An honest, open question is one you cannot possibly ask while thinking, “I know the right answer to this and I sure hope you give it to me…” It is all about helping others listen for inner truth.
10 GUIDELINES FOR ASKING OPEN, HONEST QUESTIONS…
1. ASK QUESTIONS that are BRIEF AND TO THE POINT rather than injecting others with rationales and background materials that allow you to insert your own opinions or advice.
2. STAY WITH THE OTHER PERSON’S LANGUAGE with your questions. “What did you mean when you said you felt sad?” is an honest, open question. “Didn’t you also feel angry?” is not.
3. ASK QUESTIONS THAT GO TO THE PERSON AS WELL AS THE PROBLEM, questions about the inner realities of the situation as well as the outward facts.
4. ASK QUESTIONS aimed at HELPING ANOTHER PERSON EXPLORE HIS OR HER CONCERN rather than satisfying your own curiosity.
5. If you have an INTUITION that a certain question might be useful, even if it seems a bit “off the wall,” TRUST IT—once you are reasonably certain that it is an honest, open question. e.g., “What color is this issue for you, and why?”
6. If you aren’t sure about a particular question, SIT WITH IT FOR A WHILE and WAIT FOR CLARITY.
7. WATCH THE PACING OF THE QUESTIONS, allowing some silence between the last answer and the next question. Questions that come too fast may feel aggressive, cutting off the deep reflection that can help the focus person.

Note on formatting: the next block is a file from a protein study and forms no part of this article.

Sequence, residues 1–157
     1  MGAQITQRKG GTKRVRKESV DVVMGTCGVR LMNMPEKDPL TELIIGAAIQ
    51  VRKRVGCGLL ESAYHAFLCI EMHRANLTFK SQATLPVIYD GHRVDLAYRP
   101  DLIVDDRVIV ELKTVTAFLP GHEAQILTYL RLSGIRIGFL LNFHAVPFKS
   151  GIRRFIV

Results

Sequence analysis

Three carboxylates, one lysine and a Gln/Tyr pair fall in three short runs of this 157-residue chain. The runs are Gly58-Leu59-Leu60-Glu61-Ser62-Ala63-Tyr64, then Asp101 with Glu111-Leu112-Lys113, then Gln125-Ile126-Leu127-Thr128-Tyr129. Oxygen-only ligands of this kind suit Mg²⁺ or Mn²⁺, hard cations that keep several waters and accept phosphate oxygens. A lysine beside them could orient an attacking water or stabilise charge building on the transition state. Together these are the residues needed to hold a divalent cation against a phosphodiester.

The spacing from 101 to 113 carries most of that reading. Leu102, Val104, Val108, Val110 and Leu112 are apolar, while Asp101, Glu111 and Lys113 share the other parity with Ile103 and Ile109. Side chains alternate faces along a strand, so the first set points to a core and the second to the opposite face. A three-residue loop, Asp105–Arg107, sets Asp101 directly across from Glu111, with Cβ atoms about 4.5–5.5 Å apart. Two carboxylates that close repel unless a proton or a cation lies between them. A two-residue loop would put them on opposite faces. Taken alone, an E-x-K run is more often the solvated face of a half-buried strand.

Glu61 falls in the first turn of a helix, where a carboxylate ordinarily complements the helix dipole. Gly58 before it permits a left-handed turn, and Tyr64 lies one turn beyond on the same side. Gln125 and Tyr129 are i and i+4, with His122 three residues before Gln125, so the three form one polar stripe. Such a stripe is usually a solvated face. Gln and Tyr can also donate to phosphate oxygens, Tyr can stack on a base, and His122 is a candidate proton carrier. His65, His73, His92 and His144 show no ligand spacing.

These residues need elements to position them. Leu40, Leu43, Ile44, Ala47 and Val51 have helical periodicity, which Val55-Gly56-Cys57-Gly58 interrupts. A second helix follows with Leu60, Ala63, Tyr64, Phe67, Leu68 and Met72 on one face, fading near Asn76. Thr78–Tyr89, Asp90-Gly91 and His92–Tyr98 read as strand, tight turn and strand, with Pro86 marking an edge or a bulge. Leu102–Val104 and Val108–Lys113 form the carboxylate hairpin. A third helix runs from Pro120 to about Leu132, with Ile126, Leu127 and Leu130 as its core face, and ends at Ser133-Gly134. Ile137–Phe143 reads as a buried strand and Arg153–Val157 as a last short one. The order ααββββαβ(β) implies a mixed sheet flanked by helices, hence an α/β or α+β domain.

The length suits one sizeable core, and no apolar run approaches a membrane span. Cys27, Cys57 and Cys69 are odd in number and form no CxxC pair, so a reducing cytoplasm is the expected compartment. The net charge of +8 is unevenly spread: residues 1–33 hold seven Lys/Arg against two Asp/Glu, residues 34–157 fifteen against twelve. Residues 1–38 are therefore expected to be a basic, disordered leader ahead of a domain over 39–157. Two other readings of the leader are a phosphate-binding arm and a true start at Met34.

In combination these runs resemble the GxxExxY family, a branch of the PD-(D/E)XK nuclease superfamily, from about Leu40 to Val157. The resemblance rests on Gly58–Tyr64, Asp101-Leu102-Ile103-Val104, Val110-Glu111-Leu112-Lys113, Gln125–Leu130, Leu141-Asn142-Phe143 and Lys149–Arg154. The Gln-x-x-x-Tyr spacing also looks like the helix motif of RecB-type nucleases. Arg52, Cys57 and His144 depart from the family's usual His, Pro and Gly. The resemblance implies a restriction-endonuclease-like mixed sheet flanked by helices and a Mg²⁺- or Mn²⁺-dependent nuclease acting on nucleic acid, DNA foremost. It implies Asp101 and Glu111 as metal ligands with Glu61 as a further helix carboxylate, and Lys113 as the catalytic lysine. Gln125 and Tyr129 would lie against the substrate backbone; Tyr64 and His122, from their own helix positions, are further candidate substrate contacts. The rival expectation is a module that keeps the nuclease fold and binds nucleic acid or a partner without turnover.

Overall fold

8. If you have asked one question and heard an answer, you may feel a need to ask a follow-up question. But IF YOU FIND YOURSELF ABOUT TO ASK THE THIRD QUESTION IN A ROW before anyone else has had a chance to ask one, DON’T!
9. AVOID QUESTIONS WITH YES-NO OR RIGHT-WRONG ANSWERS. They are limiting and block the true self from speaking.
10. The BEST QUESTIONS are often SIMPLE AND STRAIGHTFORWARD.
PLANT A LISTENING PAYS SEED: Learning to ask honest, open questions is challenging. You may slip occasionally into old “fixing” habits. Be very aware of your mistakes. Learning comes in many different ways, including not making that particular mistake again. It helps to continually remind yourself that your purpose is to support another person in listening to his or her inner teacher…..not fixing their problem.
TRY IT OUT: Ask someone an open, honest question today and see what happens. Let us know what you learn.